It seems only fitting that the initial new release on the latest revival of the Impulse label features McCoy Tyner and Michael Brecker. When Impulse started out in 1960, John Coltrane and Tyner were the first artists to be signed, and when Impulse was briefly brought back by MCA in the 1980s, two of its most important albums were recordings by Brecker. There are not a lot of surprises on this quartet matchup (with bassist Avery Sharpe and drummer Aaron Scott) except perhaps for how well Tyner and Brecker mesh together.
The debut recording from McCoy Tyner's big band features the pianist's all-star 15-piece unit romping through five of his originals (including "Blues for Basie") plus Steve Turre's "Lotus Flower." With such fine soloists as tenors Junior Cook and Ricky Ford, trumpeter Kamau Adilifu, trombonist Turre, and the leader, the ensemble (which includes John Clark's French horn and the tuba of Howard Johnson) had quickly gained its own sound and the results are quite memorable and frequently exciting. Recommended.
One of a series of terrific albums he made for Milestone in the '70s. This is a 2xCD Japanese issue that mirrors the original 2xLP release on vinyl. Does it sound better than the later single CD remaster?…..who knows! Pianist McCoy Tyner's 1974 quintet consisted of the talented youngster Azar Lawrence on tenor and soprano, bassist Joony Booth, drummer Wilby Fletcher and percussionist Guilherme Franco. As is accurately stated in the new liner notes by Neil Tesser, Atlantis was the final recording from Tyner's last band to be based on the music of his former boss, John Coltrane.
Reissue with the latest remastering. Features original cover artwork. Comes with a descripton in Japanese. McCoy Tyner’s Bon Voyage features his 1987 trio with Avery Sharpe and Louis Hayes in exciting form. Ever since he joined the John Coltrane Quartet in late-1960, McCoy Tyner has had his own distinctive voice on the piano. A master of modal jazz, Tyner developed his own chord voicings and percussive style. He was one of the major influences on other pianists by the time he left Coltrane in early 1966 and has led his own bands, usually trios, ever since. While his approach has not changed much since then, he has continued to grow within his own style and has made scores of high quality recordings while remaining a highly influential force.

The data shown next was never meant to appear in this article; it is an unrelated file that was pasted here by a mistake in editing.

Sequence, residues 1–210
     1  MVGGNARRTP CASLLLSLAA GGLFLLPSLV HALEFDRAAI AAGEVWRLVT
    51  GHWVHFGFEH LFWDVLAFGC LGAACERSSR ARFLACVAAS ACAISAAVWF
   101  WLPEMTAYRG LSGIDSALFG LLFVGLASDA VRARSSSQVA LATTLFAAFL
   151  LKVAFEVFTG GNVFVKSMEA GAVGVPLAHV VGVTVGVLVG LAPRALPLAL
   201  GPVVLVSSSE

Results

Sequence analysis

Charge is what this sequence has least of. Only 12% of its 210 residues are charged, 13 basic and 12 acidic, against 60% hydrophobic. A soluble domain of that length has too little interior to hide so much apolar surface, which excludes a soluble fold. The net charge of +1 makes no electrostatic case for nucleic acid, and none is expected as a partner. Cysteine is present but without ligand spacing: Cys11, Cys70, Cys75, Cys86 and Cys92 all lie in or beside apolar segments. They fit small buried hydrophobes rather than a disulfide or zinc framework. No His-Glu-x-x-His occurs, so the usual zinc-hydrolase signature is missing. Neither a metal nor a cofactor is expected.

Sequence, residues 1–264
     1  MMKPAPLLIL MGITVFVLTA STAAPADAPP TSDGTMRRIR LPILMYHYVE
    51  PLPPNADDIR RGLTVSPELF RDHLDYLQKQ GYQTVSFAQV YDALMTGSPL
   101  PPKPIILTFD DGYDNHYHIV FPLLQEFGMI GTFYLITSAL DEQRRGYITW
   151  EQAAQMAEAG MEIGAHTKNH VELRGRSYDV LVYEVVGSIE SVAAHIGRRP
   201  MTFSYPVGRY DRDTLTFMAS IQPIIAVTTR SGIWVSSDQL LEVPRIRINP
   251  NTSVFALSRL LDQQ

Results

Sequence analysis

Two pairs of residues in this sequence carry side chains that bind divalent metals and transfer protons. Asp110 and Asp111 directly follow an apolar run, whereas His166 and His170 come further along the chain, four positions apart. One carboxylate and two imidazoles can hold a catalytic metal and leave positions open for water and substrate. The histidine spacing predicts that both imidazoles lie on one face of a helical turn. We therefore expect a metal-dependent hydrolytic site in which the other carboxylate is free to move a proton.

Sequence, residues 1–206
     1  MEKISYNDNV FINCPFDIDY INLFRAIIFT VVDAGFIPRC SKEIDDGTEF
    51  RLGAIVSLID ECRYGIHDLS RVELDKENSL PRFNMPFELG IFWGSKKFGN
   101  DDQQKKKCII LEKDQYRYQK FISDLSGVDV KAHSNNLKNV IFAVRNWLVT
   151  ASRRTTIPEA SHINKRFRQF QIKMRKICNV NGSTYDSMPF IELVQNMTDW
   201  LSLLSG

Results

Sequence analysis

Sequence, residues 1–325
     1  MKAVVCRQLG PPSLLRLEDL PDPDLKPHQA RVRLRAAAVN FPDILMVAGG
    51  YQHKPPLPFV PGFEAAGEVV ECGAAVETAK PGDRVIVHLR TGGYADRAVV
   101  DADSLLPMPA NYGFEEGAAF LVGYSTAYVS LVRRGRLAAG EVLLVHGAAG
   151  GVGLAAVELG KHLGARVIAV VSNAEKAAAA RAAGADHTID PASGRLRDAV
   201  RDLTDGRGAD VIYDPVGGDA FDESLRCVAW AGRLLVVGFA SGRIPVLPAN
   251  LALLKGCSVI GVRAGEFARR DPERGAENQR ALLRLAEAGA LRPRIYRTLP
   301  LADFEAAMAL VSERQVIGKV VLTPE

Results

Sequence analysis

Brilliant 70s work from McCoy Tyner – a post-Coltrane batch of spiritual soaring jazz tracks, played and written by the man who's got more right to the style than just about anyone else! Tyner's joined by a pretty strong batch of players – including reedmen Gary Bartz on soprano and alto sax; Joe Ford on flute, soprano, and alto on flute, soprano, and alto; and Ron Bridgewater on soprano and tenor – all players who really help keep a Coltrane-esque spirit burning bright in the music, even while McCoy's working his own changes as well! Tyner plays dulcimer on one very cool track – "Mode For Dulcimer", an earthy spiritual cut – and other titles include "Departure", "Theme For Nana", "Mes Trois Fils", and "Indo Serenade".
A dynamic album from Tyner – recorded with a core group that includes Sonny Fortune on reeds, Calvin Hill on bass, and Alphonze Mouzon on drums – plus additional work on some tracks by Charles Tolliver, Michael White, and Mtume! With a lineup like that, it's hard to miss – but even so, Tyner's still the real focus of the session – pounding up and down the keyboard with fury, really driving on the other players with his core inspiration here! Titles are long and searching, and titles include "Native Song", "Song For My Lady", "Essence", and "A Silent Tear".